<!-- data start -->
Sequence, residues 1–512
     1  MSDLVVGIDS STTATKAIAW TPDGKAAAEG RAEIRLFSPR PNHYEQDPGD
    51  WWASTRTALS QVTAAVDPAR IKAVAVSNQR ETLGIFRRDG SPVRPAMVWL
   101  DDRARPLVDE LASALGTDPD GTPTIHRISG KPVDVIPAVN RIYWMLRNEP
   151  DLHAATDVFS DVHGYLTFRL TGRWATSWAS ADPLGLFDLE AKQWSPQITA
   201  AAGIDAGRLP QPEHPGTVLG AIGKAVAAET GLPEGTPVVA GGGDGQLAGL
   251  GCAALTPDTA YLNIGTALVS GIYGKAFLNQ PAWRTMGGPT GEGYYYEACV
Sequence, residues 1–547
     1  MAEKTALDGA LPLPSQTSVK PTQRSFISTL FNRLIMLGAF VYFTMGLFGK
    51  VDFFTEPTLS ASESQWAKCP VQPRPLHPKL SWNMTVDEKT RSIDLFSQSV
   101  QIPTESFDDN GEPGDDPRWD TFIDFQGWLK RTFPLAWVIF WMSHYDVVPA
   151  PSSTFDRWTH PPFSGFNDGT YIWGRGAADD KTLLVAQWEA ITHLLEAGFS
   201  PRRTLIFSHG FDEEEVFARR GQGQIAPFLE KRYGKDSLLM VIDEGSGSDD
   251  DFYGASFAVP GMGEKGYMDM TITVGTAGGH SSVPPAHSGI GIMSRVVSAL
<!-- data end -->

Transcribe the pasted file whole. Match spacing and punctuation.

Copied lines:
Sequence, residues 1–512
     1  MSDLVVGIDS STTATKAIAW TPDGKAAAEG RAEIRLFSPR PNHYEQDPGD
    51  WWASTRTALS QVTAAVDPAR IKAVAVSNQR ETLGIFRRDG SPVRPAMVWL
   101  DDRARPLVDE LASALGTDPD GTPTIHRISG KPVDVIPAVN RIYWMLRNEP
   151  DLHAATDVFS DVHGYLTFRL TGRWATSWAS ADPLGLFDLE AKQWSPQITA
   201  AAGIDAGRLP QPEHPGTVLG AIGKAVAAET GLPEGTPVVA GGGDGQLAGL
   251  GCAALTPDTA YLNIGTALVS GIYGKAFLNQ PAWRTMGGPT GEGYYYEACV
Sequence, residues 1–547
     1  MAEKTALDGA LPLPSQTSVK PTQRSFISTL FNRLIMLGAF VYFTMGLFGK
    51  VDFFTEPTLS ASESQWAKCP VQPRPLHPKL SWNMTVDEKT RSIDLFSQSV
   101  QIPTESFDDN GEPGDDPRWD TFIDFQGWLK RTFPLAWVIF WMSHYDVVPA
   151  PSSTFDRWTH PPFSGFNDGT YIWGRGAADD KTLLVAQWEA ITHLLEAGFS
   201  PRRTLIFSHG FDEEEVFARR GQGQIAPFLE KRYGKDSLLM VIDEGSGSDD
   251  DFYGASFAVP GMGEKGYMDM TITVGTAGGH SSVPPAHSGI GIMSRVVSAL